I tried shooting some 16mm Kodachrome II film (ASA/ISO 25) that expired in 1973. At first no images came out, eventually after trying all day, I was able to get good visible images on the film after exposing these frames to bright light sources, at f/2.2 (my highest lens opening) the pictures shown below.

enter image description here

Each frame was exposed for 2 1/2 minutes.

This being movie film, would be completely useless in motion scenarios. I have a lot of these rolls lying around and really don't want them going to waste. What do I do with them? Is there some way I can use them?


2 Answers 2


Kodachrome II 25 speed is essentially a black & white film. After exposure, it was processed as a black & white using a rather typical developer. First a b&w negative resulted. Colored dyes were induced during three more developing steps. All this processing magic is lost to you but you can develop in ordinary black & white chemicals to obtain a b&w negative. Two caveats – the film is slow, only 25 ISO. Typical exposures were made at 1/125 of a second @ f/8. The reverse of this film is coated with lamp black imbedded in an acid binder. This removable jet black backing makes the finished black & white negative opaque. Likely the film remains near 25 ISO. Your poor results could be that you exposed the film from the back side. If so, the Rem-Jet backing will severely block the exposing light. If exposed and developed properly, the Rem-Jet backing will cause the resulting negatives to look nearly opaque. You must remove the Rem-Jet. Soak the developed film is a solution made by dissolving two teaspoons of baking soda in 500ml of water. Soak for 10 minutes and wipe the Rem-Jet off with a soft cloth. Re-wash to remove residual alkaline bath.

P.S. Kodachrome film was made with multiple emulsion layers. Basically, one for red, one for green and one for blue light. The bad news is, all were sensitive to blue light. The solution used was to place the blue sensitive emulsion on top. Under this layer was a yellow filter. This is a blue light blocker that prevented blue light from penetrating further. This filter was made using colloidal silver and named for its creators as a Carey-Lee filter. When the film was processed, a bleach step followed by a fix step removed all traces of silver. The colored dye images remained and this is what comprised the beautiful color image. Your b&W negative is comprised of silver. After the Rem-Jet is removed the Carey-Lee filter remains and gives the film a yellowish perhaps brownish cast. You might lighten it with a dip in bleach-fix (used in the color paper process). You would do this in the light after developing. Caution, this bleach will also take out the silver image that you desire. All you can do is lighten the Carey-Lee. Seems like a lot of trouble when the best you can expect is substandard results.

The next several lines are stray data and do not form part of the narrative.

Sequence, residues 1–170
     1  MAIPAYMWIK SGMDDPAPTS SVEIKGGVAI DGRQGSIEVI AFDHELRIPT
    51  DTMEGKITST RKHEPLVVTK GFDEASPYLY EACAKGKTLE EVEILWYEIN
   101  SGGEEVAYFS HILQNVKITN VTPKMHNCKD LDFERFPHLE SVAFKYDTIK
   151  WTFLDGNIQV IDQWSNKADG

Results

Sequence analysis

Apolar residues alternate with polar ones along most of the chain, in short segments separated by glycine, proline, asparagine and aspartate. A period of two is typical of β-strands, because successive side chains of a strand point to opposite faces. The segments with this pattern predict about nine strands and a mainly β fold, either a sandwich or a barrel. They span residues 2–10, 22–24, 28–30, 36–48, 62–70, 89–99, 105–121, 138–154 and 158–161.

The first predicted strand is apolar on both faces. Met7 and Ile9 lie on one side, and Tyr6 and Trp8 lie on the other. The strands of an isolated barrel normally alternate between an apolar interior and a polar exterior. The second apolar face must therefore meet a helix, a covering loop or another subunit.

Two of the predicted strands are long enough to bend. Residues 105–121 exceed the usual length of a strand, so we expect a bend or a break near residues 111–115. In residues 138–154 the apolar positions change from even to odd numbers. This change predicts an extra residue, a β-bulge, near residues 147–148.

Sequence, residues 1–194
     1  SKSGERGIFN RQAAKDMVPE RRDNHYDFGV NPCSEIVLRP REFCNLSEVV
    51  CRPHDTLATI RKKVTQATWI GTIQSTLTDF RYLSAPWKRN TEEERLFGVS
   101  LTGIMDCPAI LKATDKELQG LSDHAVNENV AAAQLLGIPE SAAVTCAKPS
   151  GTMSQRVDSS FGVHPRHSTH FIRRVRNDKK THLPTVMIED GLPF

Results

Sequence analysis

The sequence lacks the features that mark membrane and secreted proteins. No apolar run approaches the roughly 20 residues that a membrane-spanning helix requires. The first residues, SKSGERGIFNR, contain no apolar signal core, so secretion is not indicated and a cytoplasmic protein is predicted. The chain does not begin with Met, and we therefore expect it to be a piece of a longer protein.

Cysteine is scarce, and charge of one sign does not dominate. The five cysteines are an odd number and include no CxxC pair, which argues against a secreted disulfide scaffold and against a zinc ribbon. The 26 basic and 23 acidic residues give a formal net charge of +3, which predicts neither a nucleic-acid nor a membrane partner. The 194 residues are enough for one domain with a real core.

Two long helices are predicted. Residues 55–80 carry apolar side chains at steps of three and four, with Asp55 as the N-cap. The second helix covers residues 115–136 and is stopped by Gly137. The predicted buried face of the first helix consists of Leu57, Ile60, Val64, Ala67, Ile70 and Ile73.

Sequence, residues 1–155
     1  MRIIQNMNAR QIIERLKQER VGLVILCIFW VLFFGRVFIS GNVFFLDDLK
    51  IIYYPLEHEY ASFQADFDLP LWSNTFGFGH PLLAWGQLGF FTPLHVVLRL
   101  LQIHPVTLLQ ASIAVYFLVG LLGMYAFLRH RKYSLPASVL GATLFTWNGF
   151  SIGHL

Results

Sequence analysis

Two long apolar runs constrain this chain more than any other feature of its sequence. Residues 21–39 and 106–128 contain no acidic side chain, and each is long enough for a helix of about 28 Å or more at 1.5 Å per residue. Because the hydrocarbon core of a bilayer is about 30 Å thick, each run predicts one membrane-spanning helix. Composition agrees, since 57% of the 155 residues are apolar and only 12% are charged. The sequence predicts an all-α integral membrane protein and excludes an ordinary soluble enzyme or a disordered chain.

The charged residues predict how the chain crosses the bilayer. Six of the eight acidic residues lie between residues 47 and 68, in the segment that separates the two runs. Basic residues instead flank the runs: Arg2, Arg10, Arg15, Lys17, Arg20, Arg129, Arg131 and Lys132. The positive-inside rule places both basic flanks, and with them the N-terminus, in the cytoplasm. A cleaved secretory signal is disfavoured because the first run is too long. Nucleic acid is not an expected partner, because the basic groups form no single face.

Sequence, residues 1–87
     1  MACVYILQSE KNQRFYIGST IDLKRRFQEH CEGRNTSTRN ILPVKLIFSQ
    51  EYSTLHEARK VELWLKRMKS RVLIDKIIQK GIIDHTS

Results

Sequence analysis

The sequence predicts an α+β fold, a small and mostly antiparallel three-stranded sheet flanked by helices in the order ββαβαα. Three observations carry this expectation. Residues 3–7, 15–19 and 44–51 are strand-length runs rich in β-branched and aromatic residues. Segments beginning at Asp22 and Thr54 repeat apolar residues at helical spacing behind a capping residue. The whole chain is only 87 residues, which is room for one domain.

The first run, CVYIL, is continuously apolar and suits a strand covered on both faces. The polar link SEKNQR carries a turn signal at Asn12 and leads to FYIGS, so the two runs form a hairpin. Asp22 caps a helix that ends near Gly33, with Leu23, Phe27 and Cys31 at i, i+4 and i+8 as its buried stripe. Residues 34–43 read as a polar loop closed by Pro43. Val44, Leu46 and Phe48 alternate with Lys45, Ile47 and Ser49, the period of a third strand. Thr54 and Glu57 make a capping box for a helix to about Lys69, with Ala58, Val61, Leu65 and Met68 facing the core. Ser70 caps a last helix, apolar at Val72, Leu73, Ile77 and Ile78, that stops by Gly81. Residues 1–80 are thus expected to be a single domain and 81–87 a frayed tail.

This may not be the answer you're looking for, and there may be other solutions which one of the technical experts here can think of, but there is a process called "hypersensitisation".

It appears to be a somewhat complex, and maybe even hazardous chemical process, which may daunt those who don't have a good knowledge of chemistry. (I certainly don't and would not want to work with ammonia or mercury vapour).

I've included a link here if you want to have a look at it.


Don't know if it would work that well with colour emulsions such as your Kodachrome. (As you may be aware, the Kodachrome process was discontinued some years ago). I seem to recall the Kodachrome films required a specialised process which only Kodak and a few select labs had access to.

Out of interest, how did you process that example you showed above - through a lab, or did it yourself ?

  • \$\begingroup\$ I processed this film myself. It is extremely insensitive, any visible image at all requires long exposure that always exceed 60 seconds. \$\endgroup\$
    – ToastHouse
    May 8, 2017 at 4:44

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